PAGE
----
Students and staff are allocated to a House when they become members of the College Community with the exception of the Principal, Deputy Principal and PRL (Sport). The Houses are involved in sport, community service, theme days and general college life.
Students, on entering the College, are allocated a House for the duration of their schooling at the College. Each House takes part in an Inter-House Championship competition which involves various sporting and other activities including cross country, swimming and athletics. Within each house group, students are placed into Pastoral Care groups, or PC's, consisting of students from all year levels. These PC's form the foundation of our pastoral care system and aim to provide a nurturing, inclusive and supportive environment that facilitates quality relationships between students and staff.
A "Mind Matters" programme is delivered in Pastoral Care classes. The programme aims to build resilience, develop social skills, enhance relationships, and promote mental health and well-being of staff and students. Senior students from each PC take responsibility to assist in the delivery of the program and provide peer mentoring as well as leading discussion and activities from a range of topics and themes. Topics such as cyber safety and bullying, study skills and time management, getting-to-know-you activities, mental health, culture and social issues are explored by the students and their teachers in an objective and non-threatening way.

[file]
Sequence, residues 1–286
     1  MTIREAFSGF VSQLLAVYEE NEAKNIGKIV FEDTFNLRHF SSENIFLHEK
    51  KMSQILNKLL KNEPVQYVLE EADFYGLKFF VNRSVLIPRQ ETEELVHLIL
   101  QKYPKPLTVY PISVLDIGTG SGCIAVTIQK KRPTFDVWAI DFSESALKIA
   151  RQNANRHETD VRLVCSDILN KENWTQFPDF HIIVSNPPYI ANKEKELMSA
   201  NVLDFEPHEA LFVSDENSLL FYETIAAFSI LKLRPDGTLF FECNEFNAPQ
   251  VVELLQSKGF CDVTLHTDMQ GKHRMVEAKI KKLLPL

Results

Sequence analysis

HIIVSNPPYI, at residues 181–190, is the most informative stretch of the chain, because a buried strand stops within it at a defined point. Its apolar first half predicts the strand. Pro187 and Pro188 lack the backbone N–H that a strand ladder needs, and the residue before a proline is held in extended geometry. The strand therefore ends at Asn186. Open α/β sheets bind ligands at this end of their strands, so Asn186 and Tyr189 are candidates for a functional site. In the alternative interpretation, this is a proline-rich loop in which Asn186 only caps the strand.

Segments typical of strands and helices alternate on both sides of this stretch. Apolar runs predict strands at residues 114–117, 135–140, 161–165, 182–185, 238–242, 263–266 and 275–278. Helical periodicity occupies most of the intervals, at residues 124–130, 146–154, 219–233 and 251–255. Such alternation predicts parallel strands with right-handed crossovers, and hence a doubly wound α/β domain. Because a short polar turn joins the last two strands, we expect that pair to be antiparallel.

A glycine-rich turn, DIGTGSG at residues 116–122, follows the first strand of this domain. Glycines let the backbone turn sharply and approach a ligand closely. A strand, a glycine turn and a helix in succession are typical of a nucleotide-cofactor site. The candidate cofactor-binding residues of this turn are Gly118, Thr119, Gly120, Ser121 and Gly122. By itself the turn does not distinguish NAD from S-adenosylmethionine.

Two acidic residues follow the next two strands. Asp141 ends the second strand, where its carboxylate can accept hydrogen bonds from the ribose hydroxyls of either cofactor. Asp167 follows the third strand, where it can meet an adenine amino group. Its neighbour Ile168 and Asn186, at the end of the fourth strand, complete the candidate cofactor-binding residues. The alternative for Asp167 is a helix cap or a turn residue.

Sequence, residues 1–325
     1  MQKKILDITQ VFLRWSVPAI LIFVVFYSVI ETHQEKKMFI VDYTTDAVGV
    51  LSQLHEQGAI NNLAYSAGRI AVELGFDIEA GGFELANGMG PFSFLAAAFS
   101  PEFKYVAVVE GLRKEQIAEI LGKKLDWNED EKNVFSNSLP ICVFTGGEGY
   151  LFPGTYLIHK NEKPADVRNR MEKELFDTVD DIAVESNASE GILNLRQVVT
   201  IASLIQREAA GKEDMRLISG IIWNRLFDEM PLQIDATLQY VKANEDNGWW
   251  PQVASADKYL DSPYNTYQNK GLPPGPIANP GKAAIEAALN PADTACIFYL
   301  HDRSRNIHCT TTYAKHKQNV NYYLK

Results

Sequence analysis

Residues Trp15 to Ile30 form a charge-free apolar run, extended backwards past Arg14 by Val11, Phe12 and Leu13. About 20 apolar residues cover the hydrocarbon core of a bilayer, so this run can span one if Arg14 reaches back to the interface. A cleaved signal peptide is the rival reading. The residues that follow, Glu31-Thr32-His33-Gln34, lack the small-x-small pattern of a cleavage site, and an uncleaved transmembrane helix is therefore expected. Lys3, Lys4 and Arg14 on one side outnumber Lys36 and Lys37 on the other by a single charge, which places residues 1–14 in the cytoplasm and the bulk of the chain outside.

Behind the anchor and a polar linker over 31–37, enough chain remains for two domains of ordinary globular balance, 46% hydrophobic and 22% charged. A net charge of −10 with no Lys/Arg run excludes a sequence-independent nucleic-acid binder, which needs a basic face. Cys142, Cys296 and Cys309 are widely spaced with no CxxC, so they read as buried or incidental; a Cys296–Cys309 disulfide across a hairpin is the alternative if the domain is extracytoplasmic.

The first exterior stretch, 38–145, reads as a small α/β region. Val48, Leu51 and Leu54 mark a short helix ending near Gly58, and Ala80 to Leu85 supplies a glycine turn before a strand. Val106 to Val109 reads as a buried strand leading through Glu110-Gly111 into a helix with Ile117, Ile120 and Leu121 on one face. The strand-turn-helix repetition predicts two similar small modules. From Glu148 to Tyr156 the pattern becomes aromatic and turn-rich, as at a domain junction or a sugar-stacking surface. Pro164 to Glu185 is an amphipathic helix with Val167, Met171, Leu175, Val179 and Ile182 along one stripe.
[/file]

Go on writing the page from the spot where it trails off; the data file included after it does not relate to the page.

The houses are:
Named after Sister Mary Vincent Donovan, foundation Principal of Assumption College.
Sister Mary Vincent Donovan was born 21 February, 1860 in Skibbereen, Co. Cork, Ireland. She was known in Catholic teaching circles throughout Queensland as Sister Mary Vincent. She was well known for her outstanding capability as an educator. She had an amazing career of service in education working in Mercy schools in Brisbane, Rockhampton, Toowoomba and Warwick.